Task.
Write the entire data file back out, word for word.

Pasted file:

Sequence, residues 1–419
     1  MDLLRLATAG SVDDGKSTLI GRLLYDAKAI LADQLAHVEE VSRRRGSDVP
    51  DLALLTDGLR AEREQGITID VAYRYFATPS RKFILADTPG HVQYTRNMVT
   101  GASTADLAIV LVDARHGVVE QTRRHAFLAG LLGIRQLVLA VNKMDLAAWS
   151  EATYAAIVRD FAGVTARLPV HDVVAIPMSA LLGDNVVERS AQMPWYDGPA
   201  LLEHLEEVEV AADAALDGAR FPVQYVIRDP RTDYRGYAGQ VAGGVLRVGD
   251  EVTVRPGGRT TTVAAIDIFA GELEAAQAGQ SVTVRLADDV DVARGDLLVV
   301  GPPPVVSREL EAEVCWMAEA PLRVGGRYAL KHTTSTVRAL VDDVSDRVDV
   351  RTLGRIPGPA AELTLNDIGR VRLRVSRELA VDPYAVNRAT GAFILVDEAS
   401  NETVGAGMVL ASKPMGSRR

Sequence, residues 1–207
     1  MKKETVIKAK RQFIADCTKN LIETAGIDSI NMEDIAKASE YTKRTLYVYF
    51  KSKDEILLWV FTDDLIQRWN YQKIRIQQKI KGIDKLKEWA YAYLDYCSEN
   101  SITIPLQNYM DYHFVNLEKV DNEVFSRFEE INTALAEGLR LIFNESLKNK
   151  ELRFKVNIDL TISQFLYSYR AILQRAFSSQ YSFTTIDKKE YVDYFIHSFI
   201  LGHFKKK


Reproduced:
Sequence, residues 1–419
     1  MDLLRLATAG SVDDGKSTLI GRLLYDAKAI LADQLAHVEE VSRRRGSDVP
    51  DLALLTDGLR AEREQGITID VAYRYFATPS RKFILADTPG HVQYTRNMVT
   101  GASTADLAIV LVDARHGVVE QTRRHAFLAG LLGIRQLVLA VNKMDLAAWS
   151  EATYAAIVRD FAGVTARLPV HDVVAIPMSA LLGDNVVERS AQMPWYDGPA
   201  LLEHLEEVEV AADAALDGAR FPVQYVIRDP RTDYRGYAGQ VAGGVLRVGD
   251  EVTVRPGGRT TTVAAIDIFA GELEAAQAGQ SVTVRLADDV DVARGDLLVV
   301  GPPPVVSREL EAEVCWMAEA PLRVGGRYAL KHTTSTVRAL VDDVSDRVDV
   351  RTLGRIPGPA AELTLNDIGR VRLRVSRELA VDPYAVNRAT GAFILVDEAS
   401  NETVGAGMVL ASKPMGSRR

Sequence, residues 1–207
     1  MKKETVIKAK RQFIADCTKN LIETAGIDSI NMEDIAKASE YTKRTLYVYF
    51  KSKDEILLWV FTDDLIQRWN YQKIRIQQKI KGIDKLKEWA YAYLDYCSEN
   101  SITIPLQNYM DYHFVNLEKV DNEVFSRFEE INTALAEGLR LIFNESLKNK
   151  ELRFKVNIDL TISQFLYSYR AILQRAFSSQ YSFTTIDKKE YVDYFIHSFI
   201  LGHFKKK